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Dovalina v. Conley

Court of Appeals of Illinois, First District, Fifth Division

May 3, 2013

BRADLEY DOVALINA, Plaintiff-Appellant,
v.
JOHN P. CONLEY, Defendant-Appellee (Carl Maruaa and Judy Drozd, Defendants).

Held [*]

The grant of defendant’s petition under section 2-1401 of the Code of Civil Procedure to reduce the default judgment obtained by plaintiff to $50, 000 due to plaintiff’s failure to attach to the complaint an affidavit pursuant to Supreme Court Rule 222(b) that he did or did not seek damages in excess of $50, 000 was reversed and the cause was remanded with directions to reinstate the original judgment for $128, 101.20, since plaintiff had a reasonable expectation that any judgment would not be capped at $50, 000, the complaint gave notice that damages in excess of $50, 000 were sought, Rule 222 did not apply, defendant had no reasonable expectation that Rule 222 did apply, and no harm resulted from the absence of the Rule 222 affidavit.

Appeal from the Circuit Court of Cook County, No. 06-L-66019; the Hon. Robert J. Clifford, Judge, presiding.

John E. Partelow, of Law Offices of John E. Partelow, of Chicago, for appellant.

Kevin P. Gosewisch, of Kevin P. Gosewisch P.C., of Chicago, for appellee.

JUSTICE PALMER delivered the judgment of the court, with opinion. Presiding Justice McBride and Justice Howse concurred in the judgment and opinion.

OPINION

PALMER JUSTICE

¶ 1 Plaintiff Bradley Dovalina won a default judgment in his personal injury action against defendant John Conley for $128, 101.20. The court reduced the judgment to $50, 000 for plaintiff's failure to attach an Illinois Supreme Court Rule 222(b) (eff. July 1, 2006) affidavit of damages to his complaint. Plaintiff argues the court erred in reducing the judgment because (1) Rule 222 did not apply to plaintiff's complaint and case; (2) the court had the authority to enter a judgment in excess of $50, 000; (3) the judgment in excess of $50, 000 was not void; and (4) defendant's motion to modify the judgment was untimely. We reverse and remand with instructions.

¶ 2 Background

¶ 3 On March 24, 2006, plaintiff filed a verified three-count personal injury action in the law division of the circuit court of Cook County sixth municipal district against defendant, Carl Maruaa and Judy Drozd. He sought damages "in an amount in excess of $50, 000" from each of the three defendants. On November 12, 2006, the court entered a default judgment against defendant in the amount of $128, 101.20. It also entered a judgment in favor of Drozd and granted plaintiff's motion to voluntarily dismiss Maruaa. Only the default judgment against defendant is at issue here.

¶ 4 On December 21, 2006, the court vacated the default judgment on defendant's motion and granted him leave to answer or otherwise plead. Defendant filed an unverified answer. On April 6, 2007, the court struck the unverified answer and ordered defendant to file a verified answer by April 27, 2007. When defendant failed to do so, the court reinstated the $128, 101.20 default judgment on May 3, 2007.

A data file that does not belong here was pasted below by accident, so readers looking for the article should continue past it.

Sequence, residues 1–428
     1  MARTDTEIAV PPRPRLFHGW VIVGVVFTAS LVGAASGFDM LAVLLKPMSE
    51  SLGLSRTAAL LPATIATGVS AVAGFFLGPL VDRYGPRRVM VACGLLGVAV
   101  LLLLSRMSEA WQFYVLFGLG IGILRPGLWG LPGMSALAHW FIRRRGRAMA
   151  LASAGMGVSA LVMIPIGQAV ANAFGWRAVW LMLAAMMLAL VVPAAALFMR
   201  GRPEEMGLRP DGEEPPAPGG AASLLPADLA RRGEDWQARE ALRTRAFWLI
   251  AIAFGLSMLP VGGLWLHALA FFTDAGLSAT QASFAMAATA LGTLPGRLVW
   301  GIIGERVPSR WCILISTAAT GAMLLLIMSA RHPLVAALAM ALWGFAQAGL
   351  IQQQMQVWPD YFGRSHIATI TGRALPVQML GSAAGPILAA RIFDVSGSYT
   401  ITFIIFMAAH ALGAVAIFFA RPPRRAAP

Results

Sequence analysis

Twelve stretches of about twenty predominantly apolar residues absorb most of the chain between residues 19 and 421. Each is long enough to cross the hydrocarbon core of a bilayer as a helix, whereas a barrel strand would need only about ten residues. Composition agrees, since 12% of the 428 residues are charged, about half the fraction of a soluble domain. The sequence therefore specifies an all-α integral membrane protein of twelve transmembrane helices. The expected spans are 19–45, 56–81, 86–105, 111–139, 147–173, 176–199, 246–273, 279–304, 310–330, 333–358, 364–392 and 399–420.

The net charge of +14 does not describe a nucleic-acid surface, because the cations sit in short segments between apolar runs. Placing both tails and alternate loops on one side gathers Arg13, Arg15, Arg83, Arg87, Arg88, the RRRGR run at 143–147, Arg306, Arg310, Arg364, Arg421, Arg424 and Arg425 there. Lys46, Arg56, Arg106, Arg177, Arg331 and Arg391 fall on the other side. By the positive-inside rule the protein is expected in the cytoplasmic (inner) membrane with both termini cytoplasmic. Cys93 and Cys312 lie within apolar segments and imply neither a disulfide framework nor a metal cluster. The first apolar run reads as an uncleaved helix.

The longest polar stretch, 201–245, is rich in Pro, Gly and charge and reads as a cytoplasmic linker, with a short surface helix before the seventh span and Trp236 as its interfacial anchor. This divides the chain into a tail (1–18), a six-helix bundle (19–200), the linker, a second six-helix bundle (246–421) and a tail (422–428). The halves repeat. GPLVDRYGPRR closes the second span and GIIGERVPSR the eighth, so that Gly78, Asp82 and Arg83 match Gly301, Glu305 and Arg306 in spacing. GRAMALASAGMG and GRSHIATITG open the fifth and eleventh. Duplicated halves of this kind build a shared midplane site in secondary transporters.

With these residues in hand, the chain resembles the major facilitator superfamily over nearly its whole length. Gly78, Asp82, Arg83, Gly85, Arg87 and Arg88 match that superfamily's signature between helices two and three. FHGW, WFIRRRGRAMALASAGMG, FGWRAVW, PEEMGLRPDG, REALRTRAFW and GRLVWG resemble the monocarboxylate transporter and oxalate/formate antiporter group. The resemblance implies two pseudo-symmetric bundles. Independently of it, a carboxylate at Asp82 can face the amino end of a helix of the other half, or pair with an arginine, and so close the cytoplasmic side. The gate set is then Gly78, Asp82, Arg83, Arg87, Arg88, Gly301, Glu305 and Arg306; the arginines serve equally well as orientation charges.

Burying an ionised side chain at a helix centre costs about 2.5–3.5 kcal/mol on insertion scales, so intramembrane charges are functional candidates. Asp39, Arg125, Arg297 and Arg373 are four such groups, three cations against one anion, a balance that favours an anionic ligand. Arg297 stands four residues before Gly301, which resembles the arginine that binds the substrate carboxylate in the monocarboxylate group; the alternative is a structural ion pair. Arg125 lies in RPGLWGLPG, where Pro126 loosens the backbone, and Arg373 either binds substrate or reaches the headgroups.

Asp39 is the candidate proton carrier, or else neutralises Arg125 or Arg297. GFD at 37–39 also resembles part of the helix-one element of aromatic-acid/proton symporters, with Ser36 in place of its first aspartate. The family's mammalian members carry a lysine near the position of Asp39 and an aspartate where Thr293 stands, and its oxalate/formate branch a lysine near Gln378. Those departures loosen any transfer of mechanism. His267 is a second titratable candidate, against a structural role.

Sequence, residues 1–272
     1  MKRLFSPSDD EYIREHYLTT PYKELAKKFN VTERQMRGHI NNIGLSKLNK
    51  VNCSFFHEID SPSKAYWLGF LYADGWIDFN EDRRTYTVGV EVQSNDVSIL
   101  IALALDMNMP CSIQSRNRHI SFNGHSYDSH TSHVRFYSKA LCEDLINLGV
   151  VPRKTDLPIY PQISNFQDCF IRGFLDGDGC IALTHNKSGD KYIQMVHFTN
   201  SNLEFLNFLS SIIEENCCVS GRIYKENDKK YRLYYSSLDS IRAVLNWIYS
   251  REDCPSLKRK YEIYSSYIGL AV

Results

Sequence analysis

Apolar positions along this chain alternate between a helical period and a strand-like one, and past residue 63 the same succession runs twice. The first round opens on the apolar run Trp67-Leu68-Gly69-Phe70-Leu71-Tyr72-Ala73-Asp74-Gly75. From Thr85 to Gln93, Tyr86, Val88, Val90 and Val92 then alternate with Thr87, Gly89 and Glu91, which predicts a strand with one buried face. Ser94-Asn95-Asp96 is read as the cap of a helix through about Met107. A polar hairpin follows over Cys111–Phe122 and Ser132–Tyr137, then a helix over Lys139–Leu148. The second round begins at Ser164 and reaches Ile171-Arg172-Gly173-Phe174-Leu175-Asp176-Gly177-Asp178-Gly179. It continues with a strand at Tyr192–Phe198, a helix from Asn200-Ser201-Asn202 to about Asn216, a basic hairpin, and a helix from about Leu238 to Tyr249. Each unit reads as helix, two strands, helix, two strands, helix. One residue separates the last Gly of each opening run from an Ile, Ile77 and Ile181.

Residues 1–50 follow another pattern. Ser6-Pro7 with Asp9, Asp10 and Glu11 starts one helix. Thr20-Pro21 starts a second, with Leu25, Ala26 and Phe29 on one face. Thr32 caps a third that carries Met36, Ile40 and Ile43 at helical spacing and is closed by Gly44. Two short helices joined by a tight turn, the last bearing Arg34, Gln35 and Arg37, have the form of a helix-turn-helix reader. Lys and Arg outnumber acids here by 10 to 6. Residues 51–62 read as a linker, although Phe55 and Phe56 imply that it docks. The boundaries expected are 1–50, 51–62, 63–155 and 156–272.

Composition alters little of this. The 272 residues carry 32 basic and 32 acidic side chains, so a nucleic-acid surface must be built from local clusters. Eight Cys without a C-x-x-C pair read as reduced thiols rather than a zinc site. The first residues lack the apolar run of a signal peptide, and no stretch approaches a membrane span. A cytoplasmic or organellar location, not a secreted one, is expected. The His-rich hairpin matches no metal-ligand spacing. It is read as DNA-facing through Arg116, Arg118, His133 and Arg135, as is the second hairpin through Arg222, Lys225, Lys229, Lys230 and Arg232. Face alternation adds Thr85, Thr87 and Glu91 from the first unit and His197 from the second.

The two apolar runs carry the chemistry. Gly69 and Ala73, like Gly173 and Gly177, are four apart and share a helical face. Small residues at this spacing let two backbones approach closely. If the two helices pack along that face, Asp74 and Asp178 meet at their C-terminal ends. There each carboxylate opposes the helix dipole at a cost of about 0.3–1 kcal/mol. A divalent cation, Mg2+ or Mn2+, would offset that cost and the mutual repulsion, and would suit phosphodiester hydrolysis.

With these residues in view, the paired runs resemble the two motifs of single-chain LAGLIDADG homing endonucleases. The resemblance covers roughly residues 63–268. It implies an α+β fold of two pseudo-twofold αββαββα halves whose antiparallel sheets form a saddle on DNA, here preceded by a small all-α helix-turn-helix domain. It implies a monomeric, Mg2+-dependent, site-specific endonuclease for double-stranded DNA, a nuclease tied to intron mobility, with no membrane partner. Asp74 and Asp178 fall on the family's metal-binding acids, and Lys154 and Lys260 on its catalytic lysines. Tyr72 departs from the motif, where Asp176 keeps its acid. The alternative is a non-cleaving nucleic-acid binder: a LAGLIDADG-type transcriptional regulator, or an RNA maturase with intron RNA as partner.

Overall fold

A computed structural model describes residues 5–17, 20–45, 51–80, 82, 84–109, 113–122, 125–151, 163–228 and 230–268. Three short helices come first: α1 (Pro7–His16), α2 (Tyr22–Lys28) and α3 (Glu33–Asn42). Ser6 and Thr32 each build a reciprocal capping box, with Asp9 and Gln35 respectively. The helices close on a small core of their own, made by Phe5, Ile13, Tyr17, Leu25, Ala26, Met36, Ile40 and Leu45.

¶ 5 On October 13, 2009, defendant filed a petition to vacate or modify the default judgment pursuant to section 2-1401 of the Illinois Code of Civil Procedure (735 ILCS 5/2-1401 (West 2010)).[1] Defendant claimed that Supreme Court Rule 222(b) required that plaintiff attach to his initial pleading an "affidavit that the total money damages sought does or does not exceed $50, 000" (Ill. S.Ct. R. 222(b) (eff. July 1, 2006)) and, where no affidavit is filed, the recovery amount is limited to $50, 000.[2] Plaintiff had not attached a Rule 222(b) affidavit to his complaint. Defendant argued that the $128, 101.20 judgment against him was, therefore, excessive, beyond the court's authority and void under Rule 222. Defendant requested that the court vacate the judgment. In the alternative, he requested that the court reduce the judgment to $50, 000. He asserted that, because the judgment against him was void, it could be attacked at any time.

¶ 6 Plaintiff responded that the petition should be denied because it was untimely, it did not meet the requirements of section 2-1401 and the default judgment was neither void nor excessive. On January 4, 2010, the court granted defendant's petition "on the basis that the judgment is void." It reduced the judgment against defendant to $50, 000 plus costs.

ΒΆ 7 On September 21, 2010, the court denied plaintiff's posttrial motion to reconsider. It held that the filing of a Rule 222(b) affidavit with the initial pleading is mandatory and plaintiff's failure to attach a Rule 222(b) affidavit to his initial pleading rendered the portion of the default judgment in excess of $50, 000 void. The court noted that, although defendant filed his section 2-1401 petition beyond the statutory two-year time limitation on such actions, this deadline did not apply because ...


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